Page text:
Secretary of State Antony Blinken landed in Afghanistan on Thursday for a surprise visit less than 24 hours after President Joe Biden announced the full withdrawal of U.S. forces from the country by Sept. 11 of this year.
While in Kabul, Blinken was expected to meet with Afghan President Ashraf Ghani and Foreign Minister Mohammad Haneef Atmar as well as civil society members to discuss the decision.
Blinken has pledged that the removal of U.S. forces will not mean an end to Washington’s commitment to Afghanistan.
Ghani has said he respects the U.S. decision to withdraw, writing on Twitter following a conversation with Biden that “Afghanistan’s proud security and defense forces are fully capable of defending its people and country, which they have been doing all along.”
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Other prominent Afghan government officials were not so optimistic.
Mir Rahman Rahmani, speaker of the Afghan Parliament, said Wednesday that while the country’s people want to see foreign forces leave, “the conditions are not met for that to happen yet.”
“It is possible that Afghanistan turns into another civil war or becomes a haven for international terrorist organizations,” Speaker Rahmani warned in a speech on the parliamentary floor.
“We expect the withdrawal to be conditions-based and dependent upon peace, security, and long-term stability; otherwise, history will repeat itself.”
Sen. Lindsey Graham, R-S.C., a close ally of former President Donald Trump, said the withdrawal would backfire by prolonging the conflict and possibly even breathing new life into Al Qaeda. “What do we lose by pulling out? We lose that insurance policy against another 9/11,” Graham said.
Under the Trump administration, the U.S. signed an agreement with the Taliban that foreign troops would leave Afghanistan by May 1 in exchange for their commitment to both disavow Al Qaeda and other terrorist groups as well as enter into peace talks with an Afghan delegation.
Intra-Afghan negotiations have continued for months in Doha, Qatar. Turkey announced earlier this week that representatives of both the Afghan government and the insurgent group would meet in Istanbul later this month to accelerate the discussions.
“I am now the fourth United States president to preside over an American troop presence in Afghanistan. Two Republicans. Two Democrats,” Biden said. “I will not pass this responsibility onto a fifth.”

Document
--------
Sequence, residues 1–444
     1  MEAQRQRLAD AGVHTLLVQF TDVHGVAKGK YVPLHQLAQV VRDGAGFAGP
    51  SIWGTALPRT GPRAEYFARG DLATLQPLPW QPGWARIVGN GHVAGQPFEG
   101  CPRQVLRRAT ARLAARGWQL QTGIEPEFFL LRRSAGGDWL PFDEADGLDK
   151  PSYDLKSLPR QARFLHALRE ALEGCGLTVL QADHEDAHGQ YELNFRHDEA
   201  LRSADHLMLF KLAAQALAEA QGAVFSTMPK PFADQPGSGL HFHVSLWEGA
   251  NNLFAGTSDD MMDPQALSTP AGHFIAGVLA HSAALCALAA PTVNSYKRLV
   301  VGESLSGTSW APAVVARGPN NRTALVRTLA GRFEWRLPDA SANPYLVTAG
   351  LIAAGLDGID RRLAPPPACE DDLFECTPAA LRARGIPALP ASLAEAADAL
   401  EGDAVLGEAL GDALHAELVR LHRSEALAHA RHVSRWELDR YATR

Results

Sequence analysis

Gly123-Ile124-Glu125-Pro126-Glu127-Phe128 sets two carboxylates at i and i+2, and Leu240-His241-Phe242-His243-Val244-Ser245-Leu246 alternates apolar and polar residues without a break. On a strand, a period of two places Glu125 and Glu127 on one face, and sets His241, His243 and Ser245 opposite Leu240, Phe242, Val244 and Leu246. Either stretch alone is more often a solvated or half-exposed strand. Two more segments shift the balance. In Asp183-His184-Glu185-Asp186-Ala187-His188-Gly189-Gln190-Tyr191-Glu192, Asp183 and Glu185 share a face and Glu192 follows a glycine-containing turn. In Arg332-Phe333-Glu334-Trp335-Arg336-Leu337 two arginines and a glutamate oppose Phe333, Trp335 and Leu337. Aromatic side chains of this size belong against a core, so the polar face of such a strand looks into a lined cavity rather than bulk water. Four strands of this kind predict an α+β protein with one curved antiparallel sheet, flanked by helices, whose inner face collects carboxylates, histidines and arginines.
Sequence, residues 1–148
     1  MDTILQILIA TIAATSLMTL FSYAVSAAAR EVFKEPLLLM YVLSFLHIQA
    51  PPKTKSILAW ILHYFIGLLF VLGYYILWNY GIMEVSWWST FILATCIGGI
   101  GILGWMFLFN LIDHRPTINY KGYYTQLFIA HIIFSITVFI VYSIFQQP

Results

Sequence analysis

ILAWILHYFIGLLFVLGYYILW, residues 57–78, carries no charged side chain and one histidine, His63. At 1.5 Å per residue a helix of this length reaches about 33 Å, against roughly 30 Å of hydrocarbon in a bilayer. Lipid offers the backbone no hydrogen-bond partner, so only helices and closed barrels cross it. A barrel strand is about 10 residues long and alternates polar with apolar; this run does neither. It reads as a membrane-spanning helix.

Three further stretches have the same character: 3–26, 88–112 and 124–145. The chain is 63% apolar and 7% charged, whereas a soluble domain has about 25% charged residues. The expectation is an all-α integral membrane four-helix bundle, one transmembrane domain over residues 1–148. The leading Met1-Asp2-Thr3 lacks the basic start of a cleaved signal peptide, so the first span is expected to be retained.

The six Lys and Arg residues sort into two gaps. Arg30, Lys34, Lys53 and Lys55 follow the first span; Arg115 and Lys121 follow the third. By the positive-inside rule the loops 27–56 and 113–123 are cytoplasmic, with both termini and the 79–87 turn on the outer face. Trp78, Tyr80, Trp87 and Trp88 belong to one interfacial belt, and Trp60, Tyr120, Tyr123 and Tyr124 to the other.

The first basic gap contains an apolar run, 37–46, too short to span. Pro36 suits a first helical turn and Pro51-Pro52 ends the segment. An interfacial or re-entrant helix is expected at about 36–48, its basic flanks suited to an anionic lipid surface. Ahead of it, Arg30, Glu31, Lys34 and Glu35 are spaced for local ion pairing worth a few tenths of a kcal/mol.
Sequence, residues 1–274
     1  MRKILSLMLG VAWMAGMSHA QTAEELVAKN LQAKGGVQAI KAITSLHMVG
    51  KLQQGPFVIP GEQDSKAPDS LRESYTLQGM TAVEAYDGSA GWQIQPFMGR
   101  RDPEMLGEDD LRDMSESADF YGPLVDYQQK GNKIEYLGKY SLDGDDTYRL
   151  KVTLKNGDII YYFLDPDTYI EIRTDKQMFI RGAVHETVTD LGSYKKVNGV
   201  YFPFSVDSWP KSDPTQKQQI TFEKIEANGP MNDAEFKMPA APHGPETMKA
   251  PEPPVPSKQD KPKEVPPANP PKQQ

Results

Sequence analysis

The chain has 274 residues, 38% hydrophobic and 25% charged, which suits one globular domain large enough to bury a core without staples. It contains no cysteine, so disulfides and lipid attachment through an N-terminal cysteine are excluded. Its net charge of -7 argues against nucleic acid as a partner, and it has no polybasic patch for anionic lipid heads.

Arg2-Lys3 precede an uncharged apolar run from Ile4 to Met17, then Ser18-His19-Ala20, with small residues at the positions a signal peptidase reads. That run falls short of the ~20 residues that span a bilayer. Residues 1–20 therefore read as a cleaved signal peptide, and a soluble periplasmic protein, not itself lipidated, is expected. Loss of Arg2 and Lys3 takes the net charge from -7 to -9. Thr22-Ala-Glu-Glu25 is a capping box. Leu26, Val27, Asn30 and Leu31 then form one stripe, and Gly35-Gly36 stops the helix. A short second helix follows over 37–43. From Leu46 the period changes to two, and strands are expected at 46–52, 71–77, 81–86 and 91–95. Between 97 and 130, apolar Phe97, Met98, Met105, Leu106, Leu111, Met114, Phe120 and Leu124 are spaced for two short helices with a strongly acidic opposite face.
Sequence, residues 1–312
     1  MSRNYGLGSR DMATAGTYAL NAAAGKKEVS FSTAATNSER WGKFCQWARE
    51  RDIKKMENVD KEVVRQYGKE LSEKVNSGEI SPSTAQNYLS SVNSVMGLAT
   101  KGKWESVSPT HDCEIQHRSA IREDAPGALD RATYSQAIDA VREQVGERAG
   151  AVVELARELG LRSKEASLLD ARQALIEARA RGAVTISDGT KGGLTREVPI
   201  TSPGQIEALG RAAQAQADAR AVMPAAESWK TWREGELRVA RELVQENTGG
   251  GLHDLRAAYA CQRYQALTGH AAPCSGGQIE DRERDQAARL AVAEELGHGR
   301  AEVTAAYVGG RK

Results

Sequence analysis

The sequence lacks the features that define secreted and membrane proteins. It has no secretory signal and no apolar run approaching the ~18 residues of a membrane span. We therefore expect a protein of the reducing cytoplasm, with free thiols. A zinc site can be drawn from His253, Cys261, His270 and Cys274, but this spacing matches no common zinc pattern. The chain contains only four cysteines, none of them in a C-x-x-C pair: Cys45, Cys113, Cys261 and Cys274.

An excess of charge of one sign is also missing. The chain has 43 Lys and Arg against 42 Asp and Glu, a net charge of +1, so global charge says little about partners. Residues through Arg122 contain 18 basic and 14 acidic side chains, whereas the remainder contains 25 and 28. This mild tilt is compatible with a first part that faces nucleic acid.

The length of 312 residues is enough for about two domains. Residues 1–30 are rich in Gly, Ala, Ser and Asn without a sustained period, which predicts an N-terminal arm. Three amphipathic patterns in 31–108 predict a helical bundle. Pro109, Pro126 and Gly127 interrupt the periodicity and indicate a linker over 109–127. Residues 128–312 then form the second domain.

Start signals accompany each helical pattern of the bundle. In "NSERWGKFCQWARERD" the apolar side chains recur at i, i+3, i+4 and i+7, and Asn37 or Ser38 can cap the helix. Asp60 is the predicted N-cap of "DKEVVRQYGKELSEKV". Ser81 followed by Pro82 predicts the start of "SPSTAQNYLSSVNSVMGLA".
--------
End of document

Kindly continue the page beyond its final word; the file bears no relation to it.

“It is time to end America’s longest war. It is time for American troops to come home.”
Biden said that the U.S. will continue to support the Afghan government and will provide assistance to the Afghan National Defense and Security Forces. The U.S. will also continue diplomatic and humanitarian work in the country and will support the peace talks.
About 2,500 U.S. troops are serving in Afghanistan — the lowest number since 2001.
As part of their agreement with the U.S., the Taliban also committed to a reduction in violence. But fighting between the two sides has continued despite the talks and civilian casualties and apolitical assassinations have surged.
In the wake of Biden’s decision, the Taliban said they will not participate in any negotiations on the future of Afghanistan until all foreign troops have withdrawn.
Speaking in Brussels before his arrival in Kabul, Blinken warned that the Taliban have a choice to make if they want international recognition or support, insisting that there are a “series of incentives and disincentives that will continue to shape what happens.”
“It’s in no one’s interest, including the Taliban to plunge Afghanistan back into a long war into a civil war that will do terrible damage to the country and to everyone,” he said, adding “ultimately, people of Afghanistan will be the ones to decide their future.”
Blinken held a press conference in Brussels with NATO Secretary General Jens Stoltenberg and Defense Secretary Lloyd Austin. Stoltenberg confirmed the withdrawal of all NATO-led forces by May 1 and said it planned to complete the drawdown of all its troops “within a few months.”
“We went into Afghanistan together. We have adjusted our posture together. And we are united in leaving together,” he said.
NATO currently has around 10,000 troops in Afghanistan, more than 7,000 of which are non-U.S. forces.
With boots on the ground for nearly two decades, around 2,300 U.S. troops have lost their lives in the country and more than 20,000 have been wounded in what many have referred to as a “forever” war.
More than 100,000 thousand Afghan civilians have also been killed or injured in the fighting since the U.S. invaded in 2001.